Atlanta Mayor Kasim Reed said today he is speaking with former colleagues in the Georgia legislature to work on a bill that would recognize the legal marriages of gay couples who tied the knot in other states and moved back to their home state where they continue to face discrimination.

Reed spoke today at the kick-off of a new campaign, Southerners for the Freedom to Marry, held at the Phillip Rush Center with the national group Freedom to Marry as well as Georgia Equality. A video of U.S. Rep. John Lewis (D-Ga.) speaking about his support for marriage equality was also screened at the press conference.

Reed was greeted with a standing ovation and loud applause when he stood to speak, a large banner proclaiming “Southerners for the Freedom to Marry” hanging from the wall behind him.

He acknowledged Phillip Rush, who the venue is named after, saying it was with Rush that he had one of his most important conversations with LGBT people before his first run for mayor in 2009. “This is an important community space. It is fitting we are here today for this significant step forward on the conversation about marriage equality,” Reed said.

“I’m prepared to wear as many hats as it takes to take end marriage discrimination in all levels of government and particularly in Georgia,” he said to loud applause and cheers from the some 100 people attending including state Senate candidate Kyle Williams, Atlanta City Councilmember Mary Norwood and Fulton County Commissioner Robb Pitts.

Reed said he talked to several members of the legislature over the weekend and all were willing to listen and meet with him to discuss such a bill that would mandate the state recognize the legal marriage of gay couples who married in other states but make Georgia their home.

This  bill would be a first step toward full marriage equality in Georgia, Reed said.

“As a longtime supporter of equality for gay, lesbian and transgender and questioning individuals, I believe that denying loving and committed same-sex couples the freedom to marry is harmful to families, hurtful to our communities, it weakens our economy and does not fulfill the Golden Rule of treating our neighbors the way we would want to be treated,” Reed said.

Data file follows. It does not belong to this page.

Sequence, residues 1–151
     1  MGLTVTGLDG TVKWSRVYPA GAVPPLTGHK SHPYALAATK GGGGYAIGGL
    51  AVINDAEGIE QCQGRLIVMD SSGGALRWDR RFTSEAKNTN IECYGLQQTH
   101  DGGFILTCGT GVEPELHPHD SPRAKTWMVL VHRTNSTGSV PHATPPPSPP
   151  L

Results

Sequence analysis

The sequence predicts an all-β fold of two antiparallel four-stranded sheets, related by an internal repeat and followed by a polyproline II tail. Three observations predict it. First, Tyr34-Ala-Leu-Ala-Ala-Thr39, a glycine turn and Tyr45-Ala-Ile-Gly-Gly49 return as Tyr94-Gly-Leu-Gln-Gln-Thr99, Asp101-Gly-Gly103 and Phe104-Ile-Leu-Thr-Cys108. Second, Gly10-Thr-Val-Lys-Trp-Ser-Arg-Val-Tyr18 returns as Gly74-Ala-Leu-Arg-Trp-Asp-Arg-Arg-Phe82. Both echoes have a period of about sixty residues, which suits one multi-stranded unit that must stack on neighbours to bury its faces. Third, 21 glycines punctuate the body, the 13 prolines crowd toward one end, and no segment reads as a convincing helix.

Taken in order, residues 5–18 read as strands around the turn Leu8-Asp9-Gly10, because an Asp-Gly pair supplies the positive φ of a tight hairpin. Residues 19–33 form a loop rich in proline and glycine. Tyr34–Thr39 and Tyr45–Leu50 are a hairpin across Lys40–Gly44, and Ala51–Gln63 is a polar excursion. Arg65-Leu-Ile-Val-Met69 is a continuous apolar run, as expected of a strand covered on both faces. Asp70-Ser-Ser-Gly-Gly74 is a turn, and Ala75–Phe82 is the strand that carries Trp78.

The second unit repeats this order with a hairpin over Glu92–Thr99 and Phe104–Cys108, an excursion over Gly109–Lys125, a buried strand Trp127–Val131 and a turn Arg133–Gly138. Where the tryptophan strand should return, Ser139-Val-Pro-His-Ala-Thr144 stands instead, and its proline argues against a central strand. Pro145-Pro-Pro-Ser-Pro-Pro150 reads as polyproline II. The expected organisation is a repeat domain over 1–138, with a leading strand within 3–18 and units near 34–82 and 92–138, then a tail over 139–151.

“No gay person should be prevented from marrying the people they love in the states they call home,” he added. “Some patience will be required, but not forever. Removing discrimination from our constitution needs to be done, not yesterday, not tomorrow, but right now.”

Southerners for the Freedom to Marry is a $1 million multi-state initiative to bring the South into the discussion of the national discussion on marriage equality, said Evan Wolfson, founder and president of Freedom to Marry. The money raised from private donations will go to field organizing, social media campaigns and possibly paid advertising, he said.

“Across the South, hundreds of thousands of couples have fallen in love, have made a commitment for life, and deserve commitment under the law — and that commitment is called marriage,” Wolfson said at the press conference. “These couples are caring, building lives together and a home together, raising their children, worrying about their aging parents and enriching their communities — it is for those couples that we are here.”